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Defining and categorising partnerships

TPI defines partnerships as:

An ongoing collaborative relationship between or among organisations from different stakeholder types aligning their interests around a common vision, combining their complementary resources and competencies and sharing risk, to maximize value creation towards the Sustainable Development Goals and deliver benefit to each of the partners.

The collaboration spectrum

Partnerships can range from networks made up of hundreds of organisations through to joint ventures between two or three organisations. This broad definition encompasses a multitude of types of collaborative arrangement with quite different qualities, so it is helpful to identify some basic types of partnership and to differentiate them in terms of their aims and outcomes.

TPI’s ‘Partnership Spectrum’ is a way of visualizing the range of different collaborative arrangements that fit within the partnership definition. The framework includes ‘leverage / exchange partnerships’ in which the partners are the main beneficiaries, however, TPI’s research and guidance, while applicable to all types, focuses mainly on the latter two types of partnership  to deliver:

2) Better traditional development: partnerships that deliver more than the sum of their parts and thus increase the impact of ‘traditional’ development

3) Transformational development: Partnerships which undertake system transformational development.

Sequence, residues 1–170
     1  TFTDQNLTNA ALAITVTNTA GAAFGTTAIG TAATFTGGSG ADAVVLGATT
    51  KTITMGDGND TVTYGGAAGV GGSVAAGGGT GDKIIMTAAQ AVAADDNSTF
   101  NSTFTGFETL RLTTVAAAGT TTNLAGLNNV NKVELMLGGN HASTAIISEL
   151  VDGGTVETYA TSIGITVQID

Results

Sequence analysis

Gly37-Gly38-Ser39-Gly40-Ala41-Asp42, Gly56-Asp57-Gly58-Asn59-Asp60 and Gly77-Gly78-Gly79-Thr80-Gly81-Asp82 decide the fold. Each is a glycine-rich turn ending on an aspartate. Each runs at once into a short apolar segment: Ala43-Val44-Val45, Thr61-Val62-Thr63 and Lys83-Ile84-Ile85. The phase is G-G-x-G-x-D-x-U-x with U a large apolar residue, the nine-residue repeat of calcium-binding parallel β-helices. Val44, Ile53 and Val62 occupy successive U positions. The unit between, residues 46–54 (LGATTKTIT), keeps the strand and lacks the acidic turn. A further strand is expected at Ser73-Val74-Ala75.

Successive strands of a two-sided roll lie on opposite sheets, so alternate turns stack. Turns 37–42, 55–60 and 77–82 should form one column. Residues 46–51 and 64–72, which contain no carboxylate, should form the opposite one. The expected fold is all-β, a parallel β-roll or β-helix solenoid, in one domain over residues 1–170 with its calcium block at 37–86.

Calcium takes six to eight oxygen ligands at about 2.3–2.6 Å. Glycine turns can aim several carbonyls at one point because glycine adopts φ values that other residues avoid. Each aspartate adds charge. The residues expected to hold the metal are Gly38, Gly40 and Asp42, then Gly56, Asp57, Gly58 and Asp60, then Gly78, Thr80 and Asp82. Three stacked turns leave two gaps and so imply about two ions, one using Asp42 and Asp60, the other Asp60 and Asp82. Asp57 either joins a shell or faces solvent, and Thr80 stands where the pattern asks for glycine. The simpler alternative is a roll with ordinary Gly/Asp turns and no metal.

Rules of thumb for each category


Think of type 1 partnerships as ‘doing more and better together’. This model is most appropriate when one (usually larger) organisation wants to support the work of another (usually smaller) organization and can donate useful resources to let them do it better / bigger; or when two organisations each has resources that are valuable to the other partner, and by exchanging them, each gains.


Think of type 2 partnerships as ‘doing new activity together’. This model is most appropriate when there is an ambition to combine assets and resources of all kinds, because they enable partners collectively to deliver more than the sum of the parts, and deliver more efficient, effective, innovative or sustainable impact.

Systems transformation

Think of type 3 partnerships as ‘doing change together’. This model is most appropriate when there is a complex and deep-rooted issue that requires multiple stakeholders to collaborate towards systems-level or structural change.

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